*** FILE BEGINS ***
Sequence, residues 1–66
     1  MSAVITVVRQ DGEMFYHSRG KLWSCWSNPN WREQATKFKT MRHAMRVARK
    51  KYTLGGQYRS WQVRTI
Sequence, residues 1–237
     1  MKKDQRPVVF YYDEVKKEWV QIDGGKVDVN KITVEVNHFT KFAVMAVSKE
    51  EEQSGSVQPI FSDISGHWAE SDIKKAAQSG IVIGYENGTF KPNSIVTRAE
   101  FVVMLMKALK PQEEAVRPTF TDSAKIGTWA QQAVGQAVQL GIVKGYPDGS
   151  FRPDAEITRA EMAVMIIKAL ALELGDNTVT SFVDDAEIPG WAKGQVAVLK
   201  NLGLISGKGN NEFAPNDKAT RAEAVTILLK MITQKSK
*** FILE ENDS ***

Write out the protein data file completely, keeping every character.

Sequence, residues 1–66
     1  MSAVITVVRQ DGEMFYHSRG KLWSCWSNPN WREQATKFKT MRHAMRVARK
    51  KYTLGGQYRS WQVRTI
Sequence, residues 1–237
     1  MKKDQRPVVF YYDEVKKEWV QIDGGKVDVN KITVEVNHFT KFAVMAVSKE
    51  EEQSGSVQPI FSDISGHWAE SDIKKAAQSG IVIGYENGTF KPNSIVTRAE
   101  FVVMLMKALK PQEEAVRPTF TDSAKIGTWA QQAVGQAVQL GIVKGYPDGS
   151  FRPDAEITRA EMAVMIIKAL ALELGDNTVT SFVDDAEIPG WAKGQVAVLK
   201  NLGLISGKGN NEFAPNDKAT RAEAVTILLK MITQKSK